Jim Oberstar was one of a kind. But there are two airports that would love to see his name on their new terminals.
Both the Duluth and Hibbing airport authorities have offered to name their terminals in the late congressman's honor. Oberstar, an Iron Range legend who served in Congress longer than any other Minnesota politician, represented both communities and supported the expansion of both airports. He died in May at age 79.
Two Oberstar terminals within 70 miles of each other might get confusing. And the Duluth International Airport and the Range Regional Airport in Hibbing aren't looking for a fight over naming rights.
"There's not a competition here," said Natalie Peterson, director of communications and marketing for the Duluth Airport Authority.
"There is just such an interest in naming, from both communities," said former Oberstar aide Peter Makowski.
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Makowski said the family is hoping that the two airport authorities will work that out between themselves. Airport officials think the family should have the final say.
The main worry now, Peterson said, is that the dual offers meant to honor Oberstar accidentally created a new source of stress for his grieving family.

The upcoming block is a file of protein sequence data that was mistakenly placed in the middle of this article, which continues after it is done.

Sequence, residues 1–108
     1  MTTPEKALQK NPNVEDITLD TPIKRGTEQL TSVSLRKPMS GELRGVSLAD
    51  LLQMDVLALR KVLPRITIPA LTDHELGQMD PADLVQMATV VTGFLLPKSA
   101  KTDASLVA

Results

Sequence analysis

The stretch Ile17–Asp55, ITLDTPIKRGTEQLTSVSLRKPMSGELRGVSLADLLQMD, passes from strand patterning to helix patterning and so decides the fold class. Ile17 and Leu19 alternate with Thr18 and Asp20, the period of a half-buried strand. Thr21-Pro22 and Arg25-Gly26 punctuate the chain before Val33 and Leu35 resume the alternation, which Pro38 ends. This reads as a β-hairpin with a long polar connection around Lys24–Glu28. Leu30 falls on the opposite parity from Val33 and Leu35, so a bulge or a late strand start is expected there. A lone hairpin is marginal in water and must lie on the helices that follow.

"That's exactly what we didn't want to happen," Peterson said. "This is not a rush. In due time, we'll approach them and let them know that both [airports] are willing and interested to have a conversation about what the best fit is, going forward, to serve his memory."
Airports aren't the only place Minnesotans might see the Oberstar name someday. Communities around the Eighth Congressional District have plans to rename some landmarks, from the Chisholm Post Office to stretches of Interstate Hwy. 35 and Hwy. 61. There's also an effort underway to rename the U.S. Department of Transportation complex in Washington, D.C. after the Democrat from Chisholm, who served 18 terms in Congress, from 1975 until he was unseated in 2011.
In May, the entire Minnesota congressional delegation co-sponsored legislation that would rename the sprawling Transportation Department headquarters in Washington. Like the airport authorities, the delegation saw Oberstar's name on an iconic transportation building as a fitting way to commemorate a man who had his hands on almost every major piece of transportation legislation since the Nixon administration.
"Representative Oberstar's fingerprints can be found on just about every major federally funded transportation project during the last five decades — roads, bridges, tunnels, rails, locks and dams, bike paths," U.S. Sen. Amy Klobuchar said in a statement when the bill was introduced in May. "Every American who flies in an airplane or drives our federal highways can thank Jim Oberstar. Every American who bikes their bike trails, who hikes places like the beautiful Lake Superior trail in northern Minnesota, or drives on our national highways and bridges should remember him.
"It is only fitting that the Department of Transportation building would honor his legacy."